Prentice addressed the group on his third and final day of a trip to the U.S. capital. He focused his remarks on the integrated energy markets of Canada and the U.S., touted the benefits of free trade, and outlined the actions he said have made Alberta a leader in environmental policy.
He advocated for the U.S. approval of the proposed Keystone XL pipeline that would carry crude oil from Alberta to the Texas Gulf Coast by saying that building it is in the best interest of both countries, and that oil would be produced under high environmental standards.
But Prentice did not go on at length about Keystone XL during his lunchtime speech, instead he spoke more broadly about how integrated North America's energy markets already are, and why that relationship should go deeper.
"I want to be clear that the energy relationship shared by our two nations, by Alberta and the United States, is much bigger than any single pipeline," Prentice told the business crowd. "We need a renewed focus on the bigger picture and on the longer term."
He said Canada and the U.S. are in the midst of an "energy renaissance" and have security, industrial and environmental advantages that could make them an even more competitive global force — if opportunities are seized.
Audience was friendly
Prentice, who is a former federal environment minister, told the audience that in Alberta there is an understanding that if you're in the energy business, you're in the environment business.
"We have nothing to hide in terms of our environmental performance," he said, after explaining what Alberta has done to cut greenhouse gas emissions and to increase energy efficiency.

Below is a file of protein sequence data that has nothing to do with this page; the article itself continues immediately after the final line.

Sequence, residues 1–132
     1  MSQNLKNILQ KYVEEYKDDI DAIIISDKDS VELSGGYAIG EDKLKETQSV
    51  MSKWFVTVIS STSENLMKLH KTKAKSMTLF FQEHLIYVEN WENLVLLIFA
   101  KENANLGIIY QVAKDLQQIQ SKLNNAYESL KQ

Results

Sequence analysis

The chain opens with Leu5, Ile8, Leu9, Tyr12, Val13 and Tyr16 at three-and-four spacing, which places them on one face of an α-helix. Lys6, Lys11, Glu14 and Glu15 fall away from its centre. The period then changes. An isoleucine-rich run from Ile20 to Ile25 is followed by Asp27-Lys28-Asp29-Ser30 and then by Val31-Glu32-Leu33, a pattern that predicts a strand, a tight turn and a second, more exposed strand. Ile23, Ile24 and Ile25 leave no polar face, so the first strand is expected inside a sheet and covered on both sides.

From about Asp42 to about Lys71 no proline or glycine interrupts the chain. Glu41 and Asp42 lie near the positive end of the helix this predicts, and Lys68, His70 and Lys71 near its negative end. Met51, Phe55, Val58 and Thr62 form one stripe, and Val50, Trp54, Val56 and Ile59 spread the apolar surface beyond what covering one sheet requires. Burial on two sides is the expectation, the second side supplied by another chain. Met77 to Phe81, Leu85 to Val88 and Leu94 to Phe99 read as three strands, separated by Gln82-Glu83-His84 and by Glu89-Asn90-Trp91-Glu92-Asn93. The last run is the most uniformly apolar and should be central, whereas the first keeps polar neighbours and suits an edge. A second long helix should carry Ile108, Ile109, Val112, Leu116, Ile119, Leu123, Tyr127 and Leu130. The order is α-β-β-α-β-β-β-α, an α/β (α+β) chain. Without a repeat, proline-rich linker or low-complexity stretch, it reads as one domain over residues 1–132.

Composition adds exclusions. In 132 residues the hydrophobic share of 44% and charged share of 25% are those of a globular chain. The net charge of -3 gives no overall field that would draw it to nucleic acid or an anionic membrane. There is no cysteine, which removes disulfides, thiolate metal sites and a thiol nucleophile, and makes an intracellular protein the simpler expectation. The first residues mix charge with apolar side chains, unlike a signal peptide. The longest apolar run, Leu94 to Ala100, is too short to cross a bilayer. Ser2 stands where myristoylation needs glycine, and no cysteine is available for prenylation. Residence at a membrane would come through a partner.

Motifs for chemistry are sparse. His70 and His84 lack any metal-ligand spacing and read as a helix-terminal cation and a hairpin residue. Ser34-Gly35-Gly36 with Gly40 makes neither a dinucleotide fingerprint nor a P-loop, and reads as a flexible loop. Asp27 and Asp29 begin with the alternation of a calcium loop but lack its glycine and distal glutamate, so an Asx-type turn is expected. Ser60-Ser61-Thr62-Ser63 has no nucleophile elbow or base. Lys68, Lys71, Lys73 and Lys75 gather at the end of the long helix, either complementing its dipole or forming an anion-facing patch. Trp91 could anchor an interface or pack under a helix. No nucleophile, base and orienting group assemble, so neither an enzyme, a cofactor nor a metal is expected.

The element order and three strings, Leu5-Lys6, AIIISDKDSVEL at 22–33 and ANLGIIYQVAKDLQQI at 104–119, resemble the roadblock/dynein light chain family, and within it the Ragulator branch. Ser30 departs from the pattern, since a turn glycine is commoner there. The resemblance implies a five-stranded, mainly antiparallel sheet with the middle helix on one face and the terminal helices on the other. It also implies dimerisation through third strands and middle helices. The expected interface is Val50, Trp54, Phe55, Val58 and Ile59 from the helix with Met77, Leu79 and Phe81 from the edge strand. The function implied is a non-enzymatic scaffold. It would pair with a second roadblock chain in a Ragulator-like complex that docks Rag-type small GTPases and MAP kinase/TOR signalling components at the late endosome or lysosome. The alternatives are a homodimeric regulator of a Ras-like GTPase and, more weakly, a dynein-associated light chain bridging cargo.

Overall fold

Prentice was speaking to a "friendly audience," according to George David Banks, who was among the attendees. The U.S. Chamber of Commerce is firmly behind TransCanada building the Keystone XL pipeline and so were many of the people there to listen to him, including Banks, who works at a think-tank.
Stephen Eule , who works at the chamber's Institute for 21st Century Energy, said that Prentice's speech and trip to Washington were worthwhile.
"There is an educational aspect to this. We hear one side of the story down here, it's good to hear from the horse's mouth what the real story is in Canada. That alone I think is very useful," said Eule.
Greg Knox, another attendee, said the Keystone debate is so polarized that it is often framed as pro-pipeline advocates versus pro-environmental advocates and misses the point that you can be in favour of both.
Prentice brought 'balance'
He said Prentice helped bring that perspective to Washington, particularly because of his experience as an environment minister. He held the role in Prime Minister Stephen Harper's cabinet for two years before quitting Parliament Hill to go to the private sector.
"I think it lends some good balance and credibility to the effort," Knox said.
Allan Boyd, a former member of Congress from Florida who now works with oil companies, had heard Prentice in an interview on NPR radio Wednesday morning and liked what he heard.
"He's done a great job here keeping the right tone in terms of explaining Canada's position, North American energy independence and how important that is to both of us," said Boyd, a Democrat who is in favour of Keystone XL.
Leigh Clarke, a Calgary resident who happened to be in Washington for work and dropped by to hear his premier, said he was impressed by how Prentice went beyond just the Keystone XL issue and helped get the discussion "out of the weeds."
"What I heard was a message that seemed to me more powerful in that it raised the consciousness above a particular project or a particular issue, and may help all of us in North America and legislators on both sides of the border understand the broader context that we all operate together as Americans and Canadians," he said.
During the first two days of his visit to Washington, Prentice met with a range of people including the editorial board of the Washington Post, representatives of several think-tanks, a representative from the State Department handling the Keystone XL file, a representative of the Obama administration, and several senators.